Instead of S Boxes which are usual modules in every AES implementations, several other methods have been suggested on using T Boxes employed in FPGAs for AES (McLoone and McCanny, 2003; Bulens et al., 2008). A T Box consumes four times more memory than S Box (ie) 8 kb. An efficient utilization internal Block RAM of Virtex 5 FPGA for fitting the T Box has been proposed by Kundi et al. (2010). This approach uses only one BRAM for a 32 bit data path and 4 BRAMs for 128 bit data path. Using the Digital Clock Manager (DCM) and simple multiplexer logic an efficient memory utilization has been suggested. This method was implemented in XC5Vlx110-3ff676 FPGA and it consumed only 4 BRAMS out of 128 (3%) and 199 (1%) slices, thereby supporting a throughput of 32.128 Gbps.

In another implementation work (Borkar et al., 2011), the AES algorithm has been implemented using XCV600BG560-6 FPGA. The maximum operating frequency reported in this work is 140.390 MHz. An encryption/decryption throughput of 352 Mbits/second has been obtained during the AES implementation. This method which uses Ciper FeedBack (CFB) mode for block encryption and decryption, consumes 1853 slices and 391 Bonded IOBs of Virtex FPGA considered for implementation. The hardware consumption is 26% of the total capacity of FPGA. In this implementation the 128 bit input message is encrypted with 128 bit key and after 10 rounds of operations, the cipher text is obtained. Example I/O relation is given below:

Plain text: 00112233445566778899aabbccddeeff (128 bits)
Key: 000102030405060708090a0b0c0d0e0f (128 bits)
Output/cipher text:
69c4e0d86a7b0430d8cdb78070b4c55a (128 bits)

The hardware implementation of AES algorithm (Papaefstathiou et al., 2004) proposes four different types of AES implementation styles on FPGA platform. As the main approach towards AES hardware implementations follow an architecture that consists of four steps namely key expansion, Initial permutation, Round Permutation and Final permutation, the difference is shown in the objectives considered for implementation and in the basic hardware element used for implementation. Area and performance are the two objectives and Flip-Flop and Latch are the two hardware elements upon which the architecture has been built. Four hardware implementation schemes proposed are:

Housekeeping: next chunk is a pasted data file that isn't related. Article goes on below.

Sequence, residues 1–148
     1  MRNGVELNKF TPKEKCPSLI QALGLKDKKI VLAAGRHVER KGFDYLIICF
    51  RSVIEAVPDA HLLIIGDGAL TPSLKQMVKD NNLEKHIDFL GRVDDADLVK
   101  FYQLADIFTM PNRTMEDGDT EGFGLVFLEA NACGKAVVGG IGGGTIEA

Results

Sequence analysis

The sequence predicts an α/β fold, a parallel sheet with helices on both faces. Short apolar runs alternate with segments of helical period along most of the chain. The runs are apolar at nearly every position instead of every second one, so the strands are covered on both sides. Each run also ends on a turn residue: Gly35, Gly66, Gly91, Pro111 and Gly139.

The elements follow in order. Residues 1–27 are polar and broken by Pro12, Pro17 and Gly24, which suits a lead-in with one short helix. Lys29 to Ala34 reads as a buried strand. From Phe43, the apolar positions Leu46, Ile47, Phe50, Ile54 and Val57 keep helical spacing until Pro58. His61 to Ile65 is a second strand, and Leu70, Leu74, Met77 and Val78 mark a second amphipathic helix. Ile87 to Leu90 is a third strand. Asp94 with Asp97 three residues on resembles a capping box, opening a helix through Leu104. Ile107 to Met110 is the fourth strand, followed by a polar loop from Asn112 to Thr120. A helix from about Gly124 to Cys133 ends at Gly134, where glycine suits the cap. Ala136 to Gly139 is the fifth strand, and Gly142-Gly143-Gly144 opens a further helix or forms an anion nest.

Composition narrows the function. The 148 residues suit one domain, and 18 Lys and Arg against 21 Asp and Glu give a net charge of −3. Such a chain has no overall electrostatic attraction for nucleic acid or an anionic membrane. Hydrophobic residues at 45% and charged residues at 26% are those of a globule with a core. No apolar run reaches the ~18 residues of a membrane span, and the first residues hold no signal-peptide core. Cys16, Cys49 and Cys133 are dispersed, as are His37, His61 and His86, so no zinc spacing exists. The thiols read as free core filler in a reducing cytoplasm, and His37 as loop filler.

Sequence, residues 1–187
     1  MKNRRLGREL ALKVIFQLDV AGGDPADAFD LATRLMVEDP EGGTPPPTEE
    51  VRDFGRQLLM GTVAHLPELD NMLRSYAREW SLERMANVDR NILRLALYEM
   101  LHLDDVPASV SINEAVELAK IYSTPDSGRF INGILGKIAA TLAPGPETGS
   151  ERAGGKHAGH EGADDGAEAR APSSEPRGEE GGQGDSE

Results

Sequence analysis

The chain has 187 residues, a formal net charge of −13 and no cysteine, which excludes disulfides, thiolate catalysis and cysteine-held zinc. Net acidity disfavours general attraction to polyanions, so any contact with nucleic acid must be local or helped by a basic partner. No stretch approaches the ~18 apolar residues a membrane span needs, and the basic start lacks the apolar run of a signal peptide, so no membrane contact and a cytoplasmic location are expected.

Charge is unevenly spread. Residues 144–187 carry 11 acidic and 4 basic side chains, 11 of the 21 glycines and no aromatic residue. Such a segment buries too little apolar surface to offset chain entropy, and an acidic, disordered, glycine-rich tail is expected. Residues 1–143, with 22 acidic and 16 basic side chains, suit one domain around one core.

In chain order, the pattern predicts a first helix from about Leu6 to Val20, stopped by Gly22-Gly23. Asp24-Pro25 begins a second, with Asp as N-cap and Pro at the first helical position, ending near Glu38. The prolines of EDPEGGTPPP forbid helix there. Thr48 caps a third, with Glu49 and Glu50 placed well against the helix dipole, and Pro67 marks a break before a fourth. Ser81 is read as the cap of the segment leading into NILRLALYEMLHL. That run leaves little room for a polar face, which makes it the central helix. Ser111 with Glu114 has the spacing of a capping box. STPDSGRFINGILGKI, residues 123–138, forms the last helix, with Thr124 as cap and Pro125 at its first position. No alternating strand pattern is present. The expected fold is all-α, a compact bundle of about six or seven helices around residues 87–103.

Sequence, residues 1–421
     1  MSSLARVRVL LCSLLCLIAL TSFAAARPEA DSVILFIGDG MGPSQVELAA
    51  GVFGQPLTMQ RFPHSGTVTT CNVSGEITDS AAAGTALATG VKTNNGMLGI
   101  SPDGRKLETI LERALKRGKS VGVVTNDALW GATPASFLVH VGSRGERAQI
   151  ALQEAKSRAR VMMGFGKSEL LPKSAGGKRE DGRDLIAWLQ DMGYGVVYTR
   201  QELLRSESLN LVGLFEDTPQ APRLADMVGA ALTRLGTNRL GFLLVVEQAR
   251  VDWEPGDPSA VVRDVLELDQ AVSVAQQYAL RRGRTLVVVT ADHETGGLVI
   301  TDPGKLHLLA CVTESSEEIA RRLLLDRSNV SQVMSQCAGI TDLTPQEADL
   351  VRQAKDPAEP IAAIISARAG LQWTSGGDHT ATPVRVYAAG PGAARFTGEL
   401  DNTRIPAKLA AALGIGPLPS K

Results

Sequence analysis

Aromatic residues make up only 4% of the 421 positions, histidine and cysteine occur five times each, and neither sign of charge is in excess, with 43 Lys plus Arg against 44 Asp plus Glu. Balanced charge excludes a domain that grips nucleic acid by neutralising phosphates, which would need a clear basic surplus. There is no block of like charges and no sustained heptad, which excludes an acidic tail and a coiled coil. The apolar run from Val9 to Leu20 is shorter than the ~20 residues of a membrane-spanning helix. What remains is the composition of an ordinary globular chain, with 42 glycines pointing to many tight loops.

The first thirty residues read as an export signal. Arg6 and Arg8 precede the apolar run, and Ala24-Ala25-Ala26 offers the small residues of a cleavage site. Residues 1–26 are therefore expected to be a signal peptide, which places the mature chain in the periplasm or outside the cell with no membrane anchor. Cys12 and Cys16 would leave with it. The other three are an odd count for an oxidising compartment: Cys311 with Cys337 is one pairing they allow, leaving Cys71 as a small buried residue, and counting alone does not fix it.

Area optimized AES encryption-Flip-Flop approach (AOAESFF)
Performance optimized AES encryption-Flip-Flop approach (POAESFF)
Area optimized AES encryption-latch approach (AOAESLA)
Performance optimized AES encryption-Flip-Flop approach (POAESLA)

Table 2: AES Place and Route Results proposed by Papaefstathiou et al. (2004)

Fig. 4(a-b): (a) Original cameraman image by Chen (2003) and (b) Encrypted cameraman image by Chen (2003)

Similarly the decryption architectures have also been discussed with Flip-Flop as well as Latch approaches. The analysis has been done in the above schemes and a detailed Latency, throughput and power consumption details have been discussed. Table 2 shows the AES Place and Route results.

Stream ciphers on FPGA: A combination of two stream ciphers LFSR and Hash function to make an hardware efficient stream cipher has been proposed (Deepthi and Sathidevi, 2009). Hash function H(M) that works on an arbitrary length message M, returns a fixed length hash value h. In network applications where data and control packets will be running continuously this type of technique will hold the key for secure communication. The stream cipher was implemented in Altera ACEX-EP1K100QC208-3 FPGA. The LFSR based Toeplitz hash block used in the work has a 5 bit Register to process the computed data. It consumes five D Flip-Flops, five XOR gates and six AND gates.

Swap based hardware cryptographic system: A new type of hardware cryptographic system has been proposed (Chen, 2003). The system performs random permutation and random transformation. The method uses the combination of swap and XOR/XNOR functions under the control of binary sequence from a chaotic system. In this method adjacent signal values are swapped and then they are XORed/XNORed together to generate a system which has low computational complexity and high security.The swap operation utilizes the 1-D logic map suggested (Schuster, 1984; Parker and Chua, 1987). The parameters involved in construction of crypto algorithm of this type are μ and x(n). The μ will take a value which lies between 0 and 1 (ie) 0<x(0)<1. x(0) is the initial value for this computation. The successive states of the chaotic 1-D map are derived from the relation x(n+1) = μx(n) (1 - x(n).

For example when n = 0, x(1) = μ x(0) (1-x(0), when n = 1, x(2) = μ x(1) (1-x(1)) and so on.